This site has tons of experiences in conservation and outdoor work, both volunteer work and internships. The positions are all across the US, and the internships are expense-paid with opportunities for educational awards. You will be working to maintain and restore and important natural environment, like national parks, marine sanctuaries, and landmarks. Jobs are geared toward high school, college aged, and graduate students, but there are opportunities for other age groups too, based on qualifications.
All Hands is a non-profit that offers both volunteer jobs and permanent positions within the company. All Hands sends volunteers all over the world to provide disaster relief. And it comes at no cost to you - you get yourself to the location and give your time to the cause, and they will pay for food and housing. The minimum age to volunteer is 18, unless accompanied by a parent.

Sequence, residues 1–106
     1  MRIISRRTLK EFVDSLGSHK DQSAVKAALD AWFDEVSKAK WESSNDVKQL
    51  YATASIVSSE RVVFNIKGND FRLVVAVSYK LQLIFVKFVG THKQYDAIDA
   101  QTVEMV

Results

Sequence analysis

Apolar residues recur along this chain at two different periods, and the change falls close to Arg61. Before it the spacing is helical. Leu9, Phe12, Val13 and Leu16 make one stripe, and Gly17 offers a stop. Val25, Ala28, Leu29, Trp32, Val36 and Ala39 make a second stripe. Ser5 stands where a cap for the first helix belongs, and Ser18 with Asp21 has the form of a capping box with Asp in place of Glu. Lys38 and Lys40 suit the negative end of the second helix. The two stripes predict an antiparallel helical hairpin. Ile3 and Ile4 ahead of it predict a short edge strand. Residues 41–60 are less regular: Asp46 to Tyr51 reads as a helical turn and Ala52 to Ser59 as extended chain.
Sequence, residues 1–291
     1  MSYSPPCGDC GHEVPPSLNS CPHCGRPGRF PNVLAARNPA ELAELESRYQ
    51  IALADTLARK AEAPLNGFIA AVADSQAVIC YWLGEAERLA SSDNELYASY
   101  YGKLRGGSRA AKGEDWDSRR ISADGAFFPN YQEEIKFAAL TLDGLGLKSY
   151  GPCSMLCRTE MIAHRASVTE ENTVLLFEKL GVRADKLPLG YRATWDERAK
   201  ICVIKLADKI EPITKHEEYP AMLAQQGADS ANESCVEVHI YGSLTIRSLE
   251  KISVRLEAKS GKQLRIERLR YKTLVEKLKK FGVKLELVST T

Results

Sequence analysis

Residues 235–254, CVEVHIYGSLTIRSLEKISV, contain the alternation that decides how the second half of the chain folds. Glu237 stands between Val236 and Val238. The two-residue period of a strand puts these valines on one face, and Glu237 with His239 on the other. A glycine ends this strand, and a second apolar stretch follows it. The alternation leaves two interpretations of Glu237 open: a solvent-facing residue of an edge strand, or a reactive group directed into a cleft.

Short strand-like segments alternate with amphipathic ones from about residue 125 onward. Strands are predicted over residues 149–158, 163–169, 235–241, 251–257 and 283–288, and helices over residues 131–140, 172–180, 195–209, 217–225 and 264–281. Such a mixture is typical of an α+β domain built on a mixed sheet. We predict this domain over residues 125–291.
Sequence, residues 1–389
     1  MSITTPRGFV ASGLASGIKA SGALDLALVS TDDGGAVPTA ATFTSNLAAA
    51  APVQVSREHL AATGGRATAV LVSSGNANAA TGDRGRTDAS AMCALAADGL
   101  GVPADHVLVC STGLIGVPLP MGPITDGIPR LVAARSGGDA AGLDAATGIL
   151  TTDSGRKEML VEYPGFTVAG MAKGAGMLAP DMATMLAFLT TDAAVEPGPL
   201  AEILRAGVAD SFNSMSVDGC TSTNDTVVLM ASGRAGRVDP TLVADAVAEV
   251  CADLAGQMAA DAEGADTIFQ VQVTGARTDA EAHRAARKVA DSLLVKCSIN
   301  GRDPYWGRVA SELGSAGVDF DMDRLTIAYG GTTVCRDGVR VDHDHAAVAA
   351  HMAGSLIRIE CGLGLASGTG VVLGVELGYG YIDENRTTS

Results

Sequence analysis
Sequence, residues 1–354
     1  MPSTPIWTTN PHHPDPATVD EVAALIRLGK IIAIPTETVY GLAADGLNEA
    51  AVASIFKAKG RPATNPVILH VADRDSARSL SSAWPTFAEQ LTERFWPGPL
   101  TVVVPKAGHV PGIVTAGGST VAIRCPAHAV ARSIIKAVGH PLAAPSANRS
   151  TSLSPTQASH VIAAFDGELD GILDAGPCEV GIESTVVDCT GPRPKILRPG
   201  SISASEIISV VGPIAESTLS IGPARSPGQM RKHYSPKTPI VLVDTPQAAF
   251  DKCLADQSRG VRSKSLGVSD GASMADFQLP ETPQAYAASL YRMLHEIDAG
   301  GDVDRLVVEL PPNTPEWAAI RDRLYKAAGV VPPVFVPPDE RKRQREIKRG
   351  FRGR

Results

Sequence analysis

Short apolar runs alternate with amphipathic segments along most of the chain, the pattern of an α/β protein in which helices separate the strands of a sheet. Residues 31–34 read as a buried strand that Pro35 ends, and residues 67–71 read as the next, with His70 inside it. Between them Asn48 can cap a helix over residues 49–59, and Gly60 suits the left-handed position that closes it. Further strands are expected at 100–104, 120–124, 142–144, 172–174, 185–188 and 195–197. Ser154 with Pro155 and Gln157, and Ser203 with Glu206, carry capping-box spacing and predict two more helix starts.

Habitat for Humanity
Through this well-known volunteer program, you can help build homes for families in need. In addition to opportunities across the US, there are also opportunities abroad, but these are longer positions - from 6 to 12 months. Must be 18 years old to participate.
This site has a lot of different options, from regular volunteering, professional opportunities, and family-friendly experiences. Volunteer opportunities are in a few select impoverished areas abroad, with programs in a bunch of different organizations. Programs range from a few weeks to a few months, with fees reaching up to $3,000. Not the cheapest volunteer program, but still far less expensive and more fulfilling than a regular vacation.